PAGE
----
Rebuilding Collective Bargaining

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2019 National Delegate Conference
20 February 2019
Carried as Amended

Conference believes that collective bargaining coverage is crucial to the well-being of employees. Where pay and conditions are determined only by market mechanisms, employer discretion and legal minimums, employees invariably do not get a fair deal at work.

Conference notes with concern that due to privatisation and outsourcing, a growing number of workers who deliver public services are not covered by existing collective bargaining and pay review body structures. Conference notes that where staff have been TUPE transferred to external employers, the European Court of Justice’s Alemo-Herron decision means that the new employer is not required to comply with dynamic changes to the transferred workers’ terms and conditions.

Conference supports the agenda to roll out sectoral collective bargaining developed by the Institute of Employment Rights (IER) and adopted in the Labour Party’s 2017 general election manifesto.

Whilst acknowledging that setting the boundaries for sectors will be a thorny issue, and subject to appropriate consultation with unions and employers, the IER suggest that the priority should be to establish machinery in sectors in which it is in the public interest to protect vulnerable workers and ensure stability. The sectors it cites as fitting this category include: adult social care, childcare, delivery riders and drivers, hotels/catering, retail, agriculture, taxis/private hire and cleaning.

Conference notes that this approach is broadly in line with UNISON policy. Previous motions passed at National Delegate Conference commit the union to promoting sector level collective bargaining to cover workers in social care and school support roles, so as to maximise the scope of collective bargaining across fragmented, multi-employer public services. Conference has also supported putting national agreements into public procurement, a process also known as fair wage clauses.

Whilst Conference fully supports the ideas set out by Labour and the IER, it also notes that there is still work to do to assist in the further development of the sector bargaining proposals. The union does, for example, need to work through how sector bargaining should sit alongside existing national agreements and pay review body arrangements. It also needs to reflect and respect differences in the devolved nations and regions. In addition, UNISON needs to ensure that it is sector bargaining ready, with recruitment and organising strategies in place enabling us to maximise membership growth and workplace organisation.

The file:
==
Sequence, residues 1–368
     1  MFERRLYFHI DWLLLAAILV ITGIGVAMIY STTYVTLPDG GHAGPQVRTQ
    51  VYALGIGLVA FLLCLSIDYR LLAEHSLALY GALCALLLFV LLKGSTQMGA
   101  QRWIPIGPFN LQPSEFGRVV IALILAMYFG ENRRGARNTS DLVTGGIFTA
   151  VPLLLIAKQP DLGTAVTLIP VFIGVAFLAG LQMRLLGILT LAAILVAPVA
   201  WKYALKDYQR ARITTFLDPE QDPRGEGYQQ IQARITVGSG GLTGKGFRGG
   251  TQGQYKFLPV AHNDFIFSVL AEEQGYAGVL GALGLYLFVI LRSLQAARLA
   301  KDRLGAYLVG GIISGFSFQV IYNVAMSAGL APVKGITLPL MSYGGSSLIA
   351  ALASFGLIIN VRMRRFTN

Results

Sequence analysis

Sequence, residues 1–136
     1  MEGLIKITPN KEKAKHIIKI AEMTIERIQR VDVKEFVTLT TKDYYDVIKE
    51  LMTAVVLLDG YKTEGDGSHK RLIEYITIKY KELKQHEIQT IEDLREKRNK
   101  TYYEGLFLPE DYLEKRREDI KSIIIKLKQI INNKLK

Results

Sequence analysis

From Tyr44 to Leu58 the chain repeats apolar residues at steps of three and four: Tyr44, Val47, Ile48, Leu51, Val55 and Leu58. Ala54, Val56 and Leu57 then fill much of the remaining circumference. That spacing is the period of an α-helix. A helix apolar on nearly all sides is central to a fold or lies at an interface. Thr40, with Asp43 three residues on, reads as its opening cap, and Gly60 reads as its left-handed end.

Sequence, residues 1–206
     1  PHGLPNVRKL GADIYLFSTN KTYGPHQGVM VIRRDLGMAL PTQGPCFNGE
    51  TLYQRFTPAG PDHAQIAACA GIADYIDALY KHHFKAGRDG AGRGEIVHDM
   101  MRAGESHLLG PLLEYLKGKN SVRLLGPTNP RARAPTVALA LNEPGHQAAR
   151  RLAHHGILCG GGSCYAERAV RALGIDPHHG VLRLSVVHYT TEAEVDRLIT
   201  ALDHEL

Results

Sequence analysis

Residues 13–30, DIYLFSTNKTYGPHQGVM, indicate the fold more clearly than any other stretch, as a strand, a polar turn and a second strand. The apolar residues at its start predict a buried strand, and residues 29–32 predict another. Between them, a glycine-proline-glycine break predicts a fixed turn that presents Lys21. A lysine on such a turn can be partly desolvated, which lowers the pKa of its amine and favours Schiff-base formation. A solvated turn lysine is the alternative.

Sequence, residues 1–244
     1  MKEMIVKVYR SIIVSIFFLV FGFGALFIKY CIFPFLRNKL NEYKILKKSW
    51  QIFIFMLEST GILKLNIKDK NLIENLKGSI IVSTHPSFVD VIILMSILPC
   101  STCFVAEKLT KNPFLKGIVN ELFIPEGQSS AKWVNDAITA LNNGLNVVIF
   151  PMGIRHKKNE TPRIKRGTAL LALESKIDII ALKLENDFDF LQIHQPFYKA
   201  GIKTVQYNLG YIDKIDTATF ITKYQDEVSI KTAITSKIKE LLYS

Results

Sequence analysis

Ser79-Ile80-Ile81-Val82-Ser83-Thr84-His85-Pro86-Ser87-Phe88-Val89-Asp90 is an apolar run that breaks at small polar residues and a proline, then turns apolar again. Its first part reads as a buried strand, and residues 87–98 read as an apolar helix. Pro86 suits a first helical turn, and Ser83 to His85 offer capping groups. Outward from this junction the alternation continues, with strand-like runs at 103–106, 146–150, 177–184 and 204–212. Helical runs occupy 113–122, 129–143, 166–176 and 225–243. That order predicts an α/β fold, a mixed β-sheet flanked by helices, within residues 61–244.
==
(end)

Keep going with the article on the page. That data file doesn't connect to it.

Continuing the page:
In order to take this work forward Conference calls on the National Executive Council to:

1)Work with Service Group Liaison Committee to develop the union’s policy on sector bargaining, in conjunction with devolved nations and regions;

2)Make plans for a recruitment and organising project to ensure that sector level bargaining in priority public services areas of social care and childcare is backed up with effective on the ground organisation;

3)Work with the TUC, STUC, Wales TUC and ICTU to help ensure an appropriately co-ordinated approach that delivers the revival of collective bargaining across the economy that working people so desperately need to see;

4)Consider the equality impact of the proposals, particularly their ability to close the gender pay gap;

5)Consult EPSU and learn from the struggle to defend collective bargaining from attacks across Europe;

6)Work with Labour Link to ensure that the UNISON’s experience and viewpoint on the sectors in which we organise is properly reflected in Labour’s next manifesto and subsequent Labour government policy.